What may come as a surprise in the case of this Italian island is the fact that quite occasionally fish and seafood appear on the tables of its inhabitants. Quite rarely they also decide on fruit or legumes. Sweets are not very popular among the people of Sardinia either, as two thirds of those surveyed ate less than two portions a month.
Milk products, meat and potatoes do not necessarily have to be an obstacle to longevity, which the Sardinians are a great example of. As it turns out, eating them does not reduce life expectancy as long as it is ensured that they are prepared in the right way, come from the appropriate source and do not contain harmful chemicals and preservatives.[3]
1.2.3. Nicoya, Costa Rica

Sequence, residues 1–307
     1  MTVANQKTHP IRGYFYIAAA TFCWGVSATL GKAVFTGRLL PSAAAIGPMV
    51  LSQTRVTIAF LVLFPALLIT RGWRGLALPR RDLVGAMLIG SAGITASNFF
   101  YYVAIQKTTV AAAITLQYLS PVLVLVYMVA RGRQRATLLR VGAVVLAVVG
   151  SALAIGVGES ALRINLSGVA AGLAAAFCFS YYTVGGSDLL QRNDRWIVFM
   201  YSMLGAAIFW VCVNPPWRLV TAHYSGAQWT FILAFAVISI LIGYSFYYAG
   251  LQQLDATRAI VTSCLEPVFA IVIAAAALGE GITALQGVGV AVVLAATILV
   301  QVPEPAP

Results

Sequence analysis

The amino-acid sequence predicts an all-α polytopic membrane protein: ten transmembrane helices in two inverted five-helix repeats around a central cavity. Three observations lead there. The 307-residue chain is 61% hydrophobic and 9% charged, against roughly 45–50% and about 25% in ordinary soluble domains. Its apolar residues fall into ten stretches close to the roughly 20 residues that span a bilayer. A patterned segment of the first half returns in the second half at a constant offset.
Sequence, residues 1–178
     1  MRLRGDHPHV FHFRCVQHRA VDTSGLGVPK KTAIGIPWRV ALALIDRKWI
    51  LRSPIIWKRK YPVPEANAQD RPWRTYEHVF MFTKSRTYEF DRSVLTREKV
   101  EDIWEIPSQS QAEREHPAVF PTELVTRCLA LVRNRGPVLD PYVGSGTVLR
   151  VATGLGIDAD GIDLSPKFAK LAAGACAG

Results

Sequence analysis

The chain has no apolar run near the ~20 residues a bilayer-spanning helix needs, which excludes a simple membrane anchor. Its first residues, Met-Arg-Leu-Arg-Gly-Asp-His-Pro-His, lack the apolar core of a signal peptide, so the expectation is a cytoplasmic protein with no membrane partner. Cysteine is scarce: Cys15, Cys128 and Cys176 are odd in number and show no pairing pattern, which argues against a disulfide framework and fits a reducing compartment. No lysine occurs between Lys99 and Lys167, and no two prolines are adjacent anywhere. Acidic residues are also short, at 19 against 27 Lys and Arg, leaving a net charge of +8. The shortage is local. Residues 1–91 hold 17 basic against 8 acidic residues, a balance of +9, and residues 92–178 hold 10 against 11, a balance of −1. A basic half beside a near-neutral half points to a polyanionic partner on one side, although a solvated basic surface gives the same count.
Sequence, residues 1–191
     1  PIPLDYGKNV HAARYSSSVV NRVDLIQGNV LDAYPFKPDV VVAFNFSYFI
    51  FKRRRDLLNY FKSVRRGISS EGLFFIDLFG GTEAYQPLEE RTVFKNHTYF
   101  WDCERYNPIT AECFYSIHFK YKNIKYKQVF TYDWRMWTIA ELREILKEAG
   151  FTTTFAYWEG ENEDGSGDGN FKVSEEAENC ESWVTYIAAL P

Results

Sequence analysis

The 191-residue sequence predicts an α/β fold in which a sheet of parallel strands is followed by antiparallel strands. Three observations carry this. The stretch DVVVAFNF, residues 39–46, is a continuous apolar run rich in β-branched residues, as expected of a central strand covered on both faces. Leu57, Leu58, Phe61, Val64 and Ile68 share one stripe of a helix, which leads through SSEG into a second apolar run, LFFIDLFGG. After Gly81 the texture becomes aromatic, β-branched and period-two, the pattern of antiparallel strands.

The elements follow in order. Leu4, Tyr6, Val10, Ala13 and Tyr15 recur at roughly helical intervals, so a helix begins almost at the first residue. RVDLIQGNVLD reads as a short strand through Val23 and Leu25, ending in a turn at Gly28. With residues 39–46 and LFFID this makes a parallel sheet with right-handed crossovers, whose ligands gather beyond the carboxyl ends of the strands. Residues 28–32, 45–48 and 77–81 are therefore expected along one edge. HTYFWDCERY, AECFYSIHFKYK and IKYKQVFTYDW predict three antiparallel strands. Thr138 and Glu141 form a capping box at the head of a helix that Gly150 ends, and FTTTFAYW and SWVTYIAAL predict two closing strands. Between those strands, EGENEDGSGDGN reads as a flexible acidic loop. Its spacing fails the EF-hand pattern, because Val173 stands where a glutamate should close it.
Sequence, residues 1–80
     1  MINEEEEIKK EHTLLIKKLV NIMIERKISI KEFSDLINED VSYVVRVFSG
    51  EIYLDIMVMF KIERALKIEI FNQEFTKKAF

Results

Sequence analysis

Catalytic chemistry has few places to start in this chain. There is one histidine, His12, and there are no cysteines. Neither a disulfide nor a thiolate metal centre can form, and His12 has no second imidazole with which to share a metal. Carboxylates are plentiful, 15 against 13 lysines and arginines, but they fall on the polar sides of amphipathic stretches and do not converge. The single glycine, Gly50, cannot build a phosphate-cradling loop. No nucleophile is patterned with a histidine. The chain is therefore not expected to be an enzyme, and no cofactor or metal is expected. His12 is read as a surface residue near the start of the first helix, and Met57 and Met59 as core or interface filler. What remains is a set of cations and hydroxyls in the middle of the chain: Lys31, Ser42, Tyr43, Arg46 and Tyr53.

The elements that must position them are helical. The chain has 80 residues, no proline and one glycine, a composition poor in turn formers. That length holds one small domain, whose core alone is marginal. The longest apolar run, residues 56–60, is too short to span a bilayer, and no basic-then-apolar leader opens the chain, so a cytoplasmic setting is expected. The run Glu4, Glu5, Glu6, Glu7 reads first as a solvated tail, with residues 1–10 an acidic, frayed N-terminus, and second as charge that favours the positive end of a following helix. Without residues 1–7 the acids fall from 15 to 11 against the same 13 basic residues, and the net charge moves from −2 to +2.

Costa Rican peninsula, Nicoya, also belongs to the Blue Zone group. It measures 778 km² and is inhabited with a population of 326,000. Like other Blue Zones, Nicoya can be considered rather isolated from the rest of the country. What distinguishes Nicoya from the rest of Costa Rica is that it has a 5% native population. To determine what is behind the extraordinary longevity of the people living in this part of Costa Rica, a study was carried out on 60 people between the ages of 80 and 109 to determine what the diet of the Nicoyan centenarians includes. As it turned out, as much as 87.4% of men admitted to smoking cigarettes. Interestingly, none of the women surveyed showed nicotine addiction, but 17.2% of them had smoked in the past. The vast majority of people participating in the study lived in their home or rented house. Only 6% of the Nicoyans surveyed lived in nursing homes. A significant proportion of the respondents were married. As in other Blue Zones, the education level of Nicoyans was quite low. By far the most common diet was cereals, followed by legumes. Very often the participants also reached for fruit. No significant differences between men’s and women’s eating were noticed, but about 3-6% of the respondents testified that they never or very rarely reach for this type of food. A similar phenomenon was observed in the case of eating salad – the vast majority of people ate salad 1-2 times a week, but there were also individuals (as much as 15%) who did not eat this type of product at all. Although the great majority of the food consumed is plant-based, there were also few cases of eating meat. Nicoyans who decide to use meat choose pork more often than expected, chicken. About 50% of the respondents declared to consume 3-5 portions of meat per week, and about 25% reported eating meat products even daily.